Creating Hyper-V VM’s with Desired State Configuration

I’m looking to automate the build of my test environment that runs as Hyper-V virtual machines on my Windows 8.1 Laptop computer. To get started, I thought I would take a look at the xHyper-V DSC resource to create the actual VM’s. There’s also no reason this shouldn’t work on a Windows Server that’s running the Hyper-V role.

The Hyper-V role has already been added to my Windows 8.1 computer. I also have a previously created virtual hard drive (vhdx) file that has been loaded with the Windows Server 2012 R2 operating system and all of the available Windows updates. That OS has been syspreped, an unattend.xml file has been added to it to set the local administrator password when a new VM is created using a differencing disk based on this parent vhdx, and the vhdx has been marked as read only.

I’ve downloaded the DSC Resource Kit Wave 9 which contains the most recent versions of all of the Microsoft created DSC resources to include the xHyper-V DSC resource. What’s the “x” stand for? Experimental.

The xHyper-V resource has been extracted from the downloaded DSC Resource Kit Wave 9 zip file and added to the “C:\Program Files\WindowsPowerShell\Modules” folder on my Windows 8.1 computer that I want to create the VM’s on.

I’ve created a configuration as shown in the following example:

I’ve run this configuration so it’s loaded in memory in my current PowerShell session:

dsc-xhyperv1b

I’ll now call the configuration along with the necessary parameters and values which creates the MOF file:

dsc-xhyperv2b

The MOF file is applied to my local computer using the Start-DscConfiguration cmdlet:

dsc-xhyperv3b

A new virtual machine named Test01 has been created as specified in the configuration:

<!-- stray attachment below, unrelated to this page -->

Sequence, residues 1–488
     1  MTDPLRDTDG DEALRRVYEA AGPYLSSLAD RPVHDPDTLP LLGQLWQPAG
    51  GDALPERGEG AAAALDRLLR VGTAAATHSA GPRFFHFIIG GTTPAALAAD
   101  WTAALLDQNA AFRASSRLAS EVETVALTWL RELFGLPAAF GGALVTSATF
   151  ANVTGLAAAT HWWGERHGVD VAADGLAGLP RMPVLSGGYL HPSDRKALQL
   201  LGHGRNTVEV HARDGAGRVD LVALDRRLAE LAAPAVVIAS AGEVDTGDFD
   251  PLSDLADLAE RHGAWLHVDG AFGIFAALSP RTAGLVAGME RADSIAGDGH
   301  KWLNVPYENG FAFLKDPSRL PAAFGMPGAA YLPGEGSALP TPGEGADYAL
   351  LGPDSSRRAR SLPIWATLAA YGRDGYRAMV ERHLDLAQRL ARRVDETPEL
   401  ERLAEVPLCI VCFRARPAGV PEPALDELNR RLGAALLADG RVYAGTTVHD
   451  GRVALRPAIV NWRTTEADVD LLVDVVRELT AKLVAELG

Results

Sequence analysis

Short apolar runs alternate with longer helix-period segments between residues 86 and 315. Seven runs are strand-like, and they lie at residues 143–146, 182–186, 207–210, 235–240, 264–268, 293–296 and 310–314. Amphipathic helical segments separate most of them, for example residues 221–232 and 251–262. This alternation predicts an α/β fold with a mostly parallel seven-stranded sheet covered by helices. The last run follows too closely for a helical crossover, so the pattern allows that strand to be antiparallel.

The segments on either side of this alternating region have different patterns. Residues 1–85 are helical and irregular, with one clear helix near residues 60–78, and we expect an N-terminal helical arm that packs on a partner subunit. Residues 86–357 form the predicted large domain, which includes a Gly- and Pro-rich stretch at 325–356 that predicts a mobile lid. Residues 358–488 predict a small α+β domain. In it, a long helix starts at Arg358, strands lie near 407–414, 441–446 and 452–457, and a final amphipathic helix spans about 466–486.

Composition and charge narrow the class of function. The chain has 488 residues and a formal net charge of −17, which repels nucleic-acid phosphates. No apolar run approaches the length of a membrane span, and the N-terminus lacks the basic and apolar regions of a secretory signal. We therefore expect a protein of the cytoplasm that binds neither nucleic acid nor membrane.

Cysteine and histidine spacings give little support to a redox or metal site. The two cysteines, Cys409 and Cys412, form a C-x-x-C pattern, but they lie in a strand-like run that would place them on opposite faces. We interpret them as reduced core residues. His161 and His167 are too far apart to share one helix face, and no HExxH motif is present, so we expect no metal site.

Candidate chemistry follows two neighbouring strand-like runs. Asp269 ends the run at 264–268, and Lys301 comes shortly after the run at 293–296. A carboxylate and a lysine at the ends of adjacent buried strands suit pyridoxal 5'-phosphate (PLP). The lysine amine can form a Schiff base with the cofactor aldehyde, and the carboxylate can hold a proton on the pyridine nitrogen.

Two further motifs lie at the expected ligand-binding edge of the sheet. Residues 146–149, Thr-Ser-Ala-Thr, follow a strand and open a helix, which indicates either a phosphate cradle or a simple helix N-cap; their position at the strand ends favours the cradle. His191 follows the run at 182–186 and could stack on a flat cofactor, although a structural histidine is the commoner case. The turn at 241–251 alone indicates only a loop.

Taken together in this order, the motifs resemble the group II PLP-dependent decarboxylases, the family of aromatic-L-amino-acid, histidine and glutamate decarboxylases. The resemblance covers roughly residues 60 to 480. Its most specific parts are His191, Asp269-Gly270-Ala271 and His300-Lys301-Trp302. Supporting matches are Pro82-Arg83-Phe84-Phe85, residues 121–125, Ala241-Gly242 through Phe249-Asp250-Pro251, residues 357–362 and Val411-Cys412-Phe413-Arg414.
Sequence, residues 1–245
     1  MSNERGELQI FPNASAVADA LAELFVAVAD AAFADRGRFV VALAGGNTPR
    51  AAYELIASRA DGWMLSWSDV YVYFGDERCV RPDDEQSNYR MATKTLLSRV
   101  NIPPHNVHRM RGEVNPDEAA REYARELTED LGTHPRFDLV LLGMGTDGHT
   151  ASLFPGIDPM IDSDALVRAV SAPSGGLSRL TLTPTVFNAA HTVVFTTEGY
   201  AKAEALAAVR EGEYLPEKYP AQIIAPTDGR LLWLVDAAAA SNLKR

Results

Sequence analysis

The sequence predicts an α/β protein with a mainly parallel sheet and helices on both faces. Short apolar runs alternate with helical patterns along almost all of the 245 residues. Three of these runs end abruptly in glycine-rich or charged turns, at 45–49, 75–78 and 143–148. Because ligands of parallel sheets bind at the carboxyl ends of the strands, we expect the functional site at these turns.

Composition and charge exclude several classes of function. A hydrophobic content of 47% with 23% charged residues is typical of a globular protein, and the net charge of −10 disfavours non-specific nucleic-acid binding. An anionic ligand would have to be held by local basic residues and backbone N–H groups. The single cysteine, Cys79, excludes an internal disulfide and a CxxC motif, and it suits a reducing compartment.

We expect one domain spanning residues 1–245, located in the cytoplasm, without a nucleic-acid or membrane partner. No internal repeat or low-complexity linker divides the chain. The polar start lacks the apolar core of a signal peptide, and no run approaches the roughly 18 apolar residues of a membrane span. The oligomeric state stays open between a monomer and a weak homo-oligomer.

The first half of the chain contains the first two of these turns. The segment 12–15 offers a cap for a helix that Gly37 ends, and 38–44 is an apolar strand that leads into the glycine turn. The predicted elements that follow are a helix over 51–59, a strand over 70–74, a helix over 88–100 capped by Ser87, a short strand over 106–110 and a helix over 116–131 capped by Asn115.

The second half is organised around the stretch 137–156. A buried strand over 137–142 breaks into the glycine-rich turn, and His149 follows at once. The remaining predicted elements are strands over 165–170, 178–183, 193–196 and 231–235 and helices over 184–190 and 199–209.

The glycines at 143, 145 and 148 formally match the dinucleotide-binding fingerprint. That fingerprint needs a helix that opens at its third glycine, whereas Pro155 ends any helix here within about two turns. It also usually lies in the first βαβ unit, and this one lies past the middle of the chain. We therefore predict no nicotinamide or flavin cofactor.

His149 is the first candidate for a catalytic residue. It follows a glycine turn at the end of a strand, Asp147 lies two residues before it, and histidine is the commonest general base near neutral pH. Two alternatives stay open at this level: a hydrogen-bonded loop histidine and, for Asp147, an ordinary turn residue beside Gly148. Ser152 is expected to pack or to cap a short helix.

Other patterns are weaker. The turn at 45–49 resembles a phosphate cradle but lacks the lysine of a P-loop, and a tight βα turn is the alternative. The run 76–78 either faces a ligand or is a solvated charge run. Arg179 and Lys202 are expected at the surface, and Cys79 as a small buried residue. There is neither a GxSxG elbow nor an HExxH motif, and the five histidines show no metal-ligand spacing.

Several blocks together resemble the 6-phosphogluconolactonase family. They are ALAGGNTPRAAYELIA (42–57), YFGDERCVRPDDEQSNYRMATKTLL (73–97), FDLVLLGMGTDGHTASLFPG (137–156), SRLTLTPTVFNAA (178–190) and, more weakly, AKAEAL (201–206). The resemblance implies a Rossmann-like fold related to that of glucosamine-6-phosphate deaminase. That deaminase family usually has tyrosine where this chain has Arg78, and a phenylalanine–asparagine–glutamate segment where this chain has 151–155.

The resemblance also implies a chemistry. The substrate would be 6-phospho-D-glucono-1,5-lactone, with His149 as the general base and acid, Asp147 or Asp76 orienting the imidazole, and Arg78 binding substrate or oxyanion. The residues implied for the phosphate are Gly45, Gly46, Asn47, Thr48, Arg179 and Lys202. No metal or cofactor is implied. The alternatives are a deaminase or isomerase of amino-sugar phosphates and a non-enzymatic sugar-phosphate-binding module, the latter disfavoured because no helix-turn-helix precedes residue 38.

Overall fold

dsc-xhyperv4b

Piping a few cmdlets together, allows you to see the virtual hard drive information for the newly created VM to include its location, type (differencing), and its parent:

dsc-xhyperv5b

As shown here, the IP address of the VM can easily be obtained from the Hyper-V host:

dsc-xhyperv6b

Now to add the IPv4 address to the trusted host list on my pc so I can run commands on the VM via PowerShell remoting. This is necessary because of Kerberos mutual authentication not being available due to the new VM being in a workgroup by default. For security reasons, the IP should be removed from the trusted host list once the new VM is added to the domain. You should NEVER add “*” to the trusted host list <period>.

dsc-xhyperv7b

You can see that it has indeed been added:

dsc-xhyperv8b

Now to test running a command on the VM from my pc with PowerShell remoting:

dsc-xhyperv9b

One thing to note is that PowerShell remoting is enabled by default on Windows Server 2012 and higher which is why no changes had to be made on the VM to accomplish this.

At this point, I should be able to create a DSC configuration to add the VM to the domain and make all of the configuration changes I want to it. I wrote about that process in a previous blog article on “Use a certificate with PowerShell DSC to add a server to Active Directory without hard coding a password“.

If Desired State Configuration is something that you’re interested in, you should definitely take a look at the video from the January Mississippi PowerShell User Group meeting.

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